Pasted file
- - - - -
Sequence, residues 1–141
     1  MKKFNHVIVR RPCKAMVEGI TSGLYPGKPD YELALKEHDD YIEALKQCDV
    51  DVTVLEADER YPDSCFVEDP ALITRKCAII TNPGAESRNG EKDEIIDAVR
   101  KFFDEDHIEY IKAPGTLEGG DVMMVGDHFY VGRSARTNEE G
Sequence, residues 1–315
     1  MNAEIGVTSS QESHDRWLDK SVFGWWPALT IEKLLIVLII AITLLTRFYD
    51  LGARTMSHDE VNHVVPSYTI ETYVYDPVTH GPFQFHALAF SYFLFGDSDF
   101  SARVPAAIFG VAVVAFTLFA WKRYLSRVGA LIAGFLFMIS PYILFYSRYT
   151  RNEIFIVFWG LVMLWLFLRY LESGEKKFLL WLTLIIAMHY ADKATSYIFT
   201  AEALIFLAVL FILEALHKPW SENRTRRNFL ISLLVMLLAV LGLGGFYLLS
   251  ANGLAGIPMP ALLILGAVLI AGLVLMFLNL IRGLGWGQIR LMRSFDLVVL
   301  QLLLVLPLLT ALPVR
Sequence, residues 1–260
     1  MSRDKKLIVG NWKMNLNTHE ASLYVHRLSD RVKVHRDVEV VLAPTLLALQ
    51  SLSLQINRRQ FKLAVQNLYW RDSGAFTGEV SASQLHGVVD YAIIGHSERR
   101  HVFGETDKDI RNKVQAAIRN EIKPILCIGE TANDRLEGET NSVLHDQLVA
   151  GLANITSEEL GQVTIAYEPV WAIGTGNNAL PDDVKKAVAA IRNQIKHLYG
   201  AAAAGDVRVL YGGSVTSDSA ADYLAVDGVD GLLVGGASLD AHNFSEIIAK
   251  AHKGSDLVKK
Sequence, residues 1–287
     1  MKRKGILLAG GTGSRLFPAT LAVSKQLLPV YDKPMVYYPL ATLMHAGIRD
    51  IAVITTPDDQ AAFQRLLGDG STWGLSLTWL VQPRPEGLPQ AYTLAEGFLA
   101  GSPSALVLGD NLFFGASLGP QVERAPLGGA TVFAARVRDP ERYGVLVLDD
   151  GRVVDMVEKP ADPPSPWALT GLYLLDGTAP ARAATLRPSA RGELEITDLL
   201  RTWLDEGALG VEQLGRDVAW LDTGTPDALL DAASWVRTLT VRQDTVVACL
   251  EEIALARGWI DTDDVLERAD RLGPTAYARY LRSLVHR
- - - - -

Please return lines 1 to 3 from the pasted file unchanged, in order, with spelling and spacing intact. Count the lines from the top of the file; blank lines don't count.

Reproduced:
Sequence, residues 1–141
     1  MKKFNHVIVR RPCKAMVEGI TSGLYPGKPD YELALKEHDD YIEALKQCDV
    51  DVTVLEADER YPDSCFVEDP ALITRKCAII TNPGAESRNG EKDEIIDAVR